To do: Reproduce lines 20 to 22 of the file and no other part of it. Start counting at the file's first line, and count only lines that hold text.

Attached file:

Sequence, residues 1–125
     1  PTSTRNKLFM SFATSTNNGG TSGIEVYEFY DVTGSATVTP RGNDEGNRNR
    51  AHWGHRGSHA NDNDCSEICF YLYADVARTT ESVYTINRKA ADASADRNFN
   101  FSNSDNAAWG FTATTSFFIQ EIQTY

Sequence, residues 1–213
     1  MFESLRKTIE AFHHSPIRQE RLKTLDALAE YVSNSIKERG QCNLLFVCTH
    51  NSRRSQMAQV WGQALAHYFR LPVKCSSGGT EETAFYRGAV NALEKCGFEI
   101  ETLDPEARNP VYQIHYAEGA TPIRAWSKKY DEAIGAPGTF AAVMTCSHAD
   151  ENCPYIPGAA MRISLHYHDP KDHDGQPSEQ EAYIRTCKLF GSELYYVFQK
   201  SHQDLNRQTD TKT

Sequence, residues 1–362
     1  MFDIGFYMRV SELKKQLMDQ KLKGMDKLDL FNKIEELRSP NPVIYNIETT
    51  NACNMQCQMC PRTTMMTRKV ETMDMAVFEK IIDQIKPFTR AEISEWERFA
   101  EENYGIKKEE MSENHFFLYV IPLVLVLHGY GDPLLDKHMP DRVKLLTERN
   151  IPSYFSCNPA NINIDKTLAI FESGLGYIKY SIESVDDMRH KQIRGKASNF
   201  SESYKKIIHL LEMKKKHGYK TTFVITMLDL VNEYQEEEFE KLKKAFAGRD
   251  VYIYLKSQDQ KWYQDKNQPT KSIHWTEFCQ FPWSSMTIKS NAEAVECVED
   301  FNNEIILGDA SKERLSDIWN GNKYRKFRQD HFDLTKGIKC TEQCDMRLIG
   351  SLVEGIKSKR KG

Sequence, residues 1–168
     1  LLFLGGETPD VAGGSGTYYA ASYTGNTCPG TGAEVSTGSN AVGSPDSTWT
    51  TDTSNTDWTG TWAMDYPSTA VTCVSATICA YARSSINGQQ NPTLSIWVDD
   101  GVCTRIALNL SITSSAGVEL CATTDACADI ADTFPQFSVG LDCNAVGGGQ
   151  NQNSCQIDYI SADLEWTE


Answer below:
Sequence, residues 1–168
     1  LLFLGGETPD VAGGSGTYYA ASYTGNTCPG TGAEVSTGSN AVGSPDSTWT
    51  TDTSNTDWTG TWAMDYPSTA VTCVSATICA YARSSINGQQ NPTLSIWVDD